The novel coronavirus has ravaged the national economy and more Canadians are going hungry as a result, Statistics Canada announced Wednesday.
Food insecurity is sharply higher than the last time StatCan looked at the issue, in 2017-18. At that time, about 10 per cent of Canadians said they couldn’t afford to eat properly; in the most recent survey, done in May, that had risen to 14.8 per cent.
As many sectors of the economy shut down starting in March, such as food services and travel, unemployment shot up with a speed not seen in recent memory.
The survey showed a clear connection between the coronavirus’s damage to the economy and hunger. Among Canadians who weren’t at work because of the virus due to business closure or layoffs, almost three in 10 are going hungry, StatCan said.
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Among households with children, between nine and 13 per cent said that:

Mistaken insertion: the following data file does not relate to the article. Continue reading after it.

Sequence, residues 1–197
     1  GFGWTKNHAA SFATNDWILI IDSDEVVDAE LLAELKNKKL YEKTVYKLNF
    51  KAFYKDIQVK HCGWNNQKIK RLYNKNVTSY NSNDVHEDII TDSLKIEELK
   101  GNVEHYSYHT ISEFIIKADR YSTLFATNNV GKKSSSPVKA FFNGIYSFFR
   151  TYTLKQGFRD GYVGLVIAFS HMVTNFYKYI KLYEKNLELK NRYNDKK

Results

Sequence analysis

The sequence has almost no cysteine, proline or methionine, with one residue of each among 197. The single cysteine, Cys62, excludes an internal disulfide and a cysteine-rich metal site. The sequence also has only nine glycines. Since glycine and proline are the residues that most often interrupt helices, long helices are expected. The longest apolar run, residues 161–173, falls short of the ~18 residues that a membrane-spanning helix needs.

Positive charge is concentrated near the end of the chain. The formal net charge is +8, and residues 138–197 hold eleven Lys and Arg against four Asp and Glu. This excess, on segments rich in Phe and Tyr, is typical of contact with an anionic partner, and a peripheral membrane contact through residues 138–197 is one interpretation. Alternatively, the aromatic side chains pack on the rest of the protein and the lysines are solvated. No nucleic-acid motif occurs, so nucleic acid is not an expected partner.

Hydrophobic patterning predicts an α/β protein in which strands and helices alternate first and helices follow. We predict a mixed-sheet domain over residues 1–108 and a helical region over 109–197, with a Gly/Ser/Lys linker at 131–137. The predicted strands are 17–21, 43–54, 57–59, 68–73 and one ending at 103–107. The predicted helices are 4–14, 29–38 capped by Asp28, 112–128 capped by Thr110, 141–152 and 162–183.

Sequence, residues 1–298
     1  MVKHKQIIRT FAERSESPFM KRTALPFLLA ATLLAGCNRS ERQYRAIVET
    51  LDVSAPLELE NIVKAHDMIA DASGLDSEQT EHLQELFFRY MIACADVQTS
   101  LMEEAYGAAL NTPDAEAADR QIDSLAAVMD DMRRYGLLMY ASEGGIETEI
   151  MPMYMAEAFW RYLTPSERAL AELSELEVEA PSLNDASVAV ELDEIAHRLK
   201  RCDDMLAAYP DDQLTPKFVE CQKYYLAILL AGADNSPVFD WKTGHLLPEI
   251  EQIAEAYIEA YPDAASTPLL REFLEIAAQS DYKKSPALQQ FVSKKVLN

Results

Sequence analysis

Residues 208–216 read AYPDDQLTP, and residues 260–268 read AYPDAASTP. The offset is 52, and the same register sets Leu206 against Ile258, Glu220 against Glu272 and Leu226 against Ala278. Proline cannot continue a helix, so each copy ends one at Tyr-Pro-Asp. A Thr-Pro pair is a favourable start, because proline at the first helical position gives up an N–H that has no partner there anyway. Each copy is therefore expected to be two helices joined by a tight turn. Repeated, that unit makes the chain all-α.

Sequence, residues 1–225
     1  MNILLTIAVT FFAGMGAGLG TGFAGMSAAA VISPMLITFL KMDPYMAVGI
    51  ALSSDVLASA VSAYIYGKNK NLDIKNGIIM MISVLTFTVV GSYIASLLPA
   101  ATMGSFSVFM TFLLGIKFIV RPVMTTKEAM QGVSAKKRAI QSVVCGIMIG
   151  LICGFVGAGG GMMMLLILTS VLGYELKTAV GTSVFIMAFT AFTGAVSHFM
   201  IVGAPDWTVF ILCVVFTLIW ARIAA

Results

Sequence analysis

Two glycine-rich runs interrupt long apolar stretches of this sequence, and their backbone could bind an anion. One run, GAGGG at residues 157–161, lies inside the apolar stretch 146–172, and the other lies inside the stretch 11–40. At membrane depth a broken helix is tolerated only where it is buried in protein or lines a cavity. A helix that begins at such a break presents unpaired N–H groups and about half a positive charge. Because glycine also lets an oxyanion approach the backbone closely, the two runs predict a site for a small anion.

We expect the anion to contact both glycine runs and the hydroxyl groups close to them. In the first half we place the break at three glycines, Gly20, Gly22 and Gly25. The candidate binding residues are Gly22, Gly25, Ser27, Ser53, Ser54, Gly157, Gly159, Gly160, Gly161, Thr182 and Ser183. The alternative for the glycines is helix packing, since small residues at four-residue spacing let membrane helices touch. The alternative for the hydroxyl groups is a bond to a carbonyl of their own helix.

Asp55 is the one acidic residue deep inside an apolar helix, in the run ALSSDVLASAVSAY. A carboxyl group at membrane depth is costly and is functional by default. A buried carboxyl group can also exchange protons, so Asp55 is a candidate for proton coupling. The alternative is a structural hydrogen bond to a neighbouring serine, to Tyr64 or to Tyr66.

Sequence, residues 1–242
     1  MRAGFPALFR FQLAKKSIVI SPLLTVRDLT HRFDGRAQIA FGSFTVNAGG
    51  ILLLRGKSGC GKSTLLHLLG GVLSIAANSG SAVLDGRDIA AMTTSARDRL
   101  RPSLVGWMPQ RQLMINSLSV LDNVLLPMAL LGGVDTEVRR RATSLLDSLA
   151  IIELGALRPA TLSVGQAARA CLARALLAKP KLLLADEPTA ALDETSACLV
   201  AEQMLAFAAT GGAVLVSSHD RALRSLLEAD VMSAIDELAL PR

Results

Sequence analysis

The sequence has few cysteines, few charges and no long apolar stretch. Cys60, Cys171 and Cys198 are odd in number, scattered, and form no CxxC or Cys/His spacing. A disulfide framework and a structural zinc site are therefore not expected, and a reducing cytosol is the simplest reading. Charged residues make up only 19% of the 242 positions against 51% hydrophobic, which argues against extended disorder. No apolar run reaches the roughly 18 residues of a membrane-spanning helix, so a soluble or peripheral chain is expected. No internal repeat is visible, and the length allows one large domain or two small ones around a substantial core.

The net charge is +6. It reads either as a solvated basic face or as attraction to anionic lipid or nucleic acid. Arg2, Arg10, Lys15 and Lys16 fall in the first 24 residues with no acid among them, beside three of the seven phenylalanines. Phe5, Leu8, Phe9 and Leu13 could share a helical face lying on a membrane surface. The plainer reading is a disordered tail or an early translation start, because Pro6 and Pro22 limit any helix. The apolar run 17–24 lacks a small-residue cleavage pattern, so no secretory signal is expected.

- Food didn’t last and there was no money to get more, sometimes or often
- They couldn’t afford balanced meals, sometimes or often
- Adults in the household skipped or cut the size of meals
- They personally were hungry but didn’t eat because they couldn’t afford food
Prices of many food staples like carrots, potatoes, pasta, canned soup and canned tomatoes have risen significantly since January. Prices of meat, flour, rice and canned tuna are up since May of last year.
Like those in many other countries, Canada’s food system was severely disrupted as almost all food consumption outside the home disappeared in March. For example, Canadians now consume almost no French fries, leaving farmers with large stocks of unsold potatoes.
A shortage of migrant farmworkers linked to coronavirus is disrupting vegetable and seafood production.
In May, unemployment hit 13.7 per cent, breaking a record set in 1982.
Three million jobs were lost over March and April, and about 2.5 million more had their hours slashed.
While the employment picture improved slightly in May compared to March and April, the Parliamentary Budget Office has warned that unemployment could hit 15 per cent by the end of the year.
StatCan noted that groups known to be hard-hit by the coronavirus recession, such as renters and those that can’t work from home, were underrepresented in the survey, so the situation is likely worse than the data shows.
With files from the Canadian Press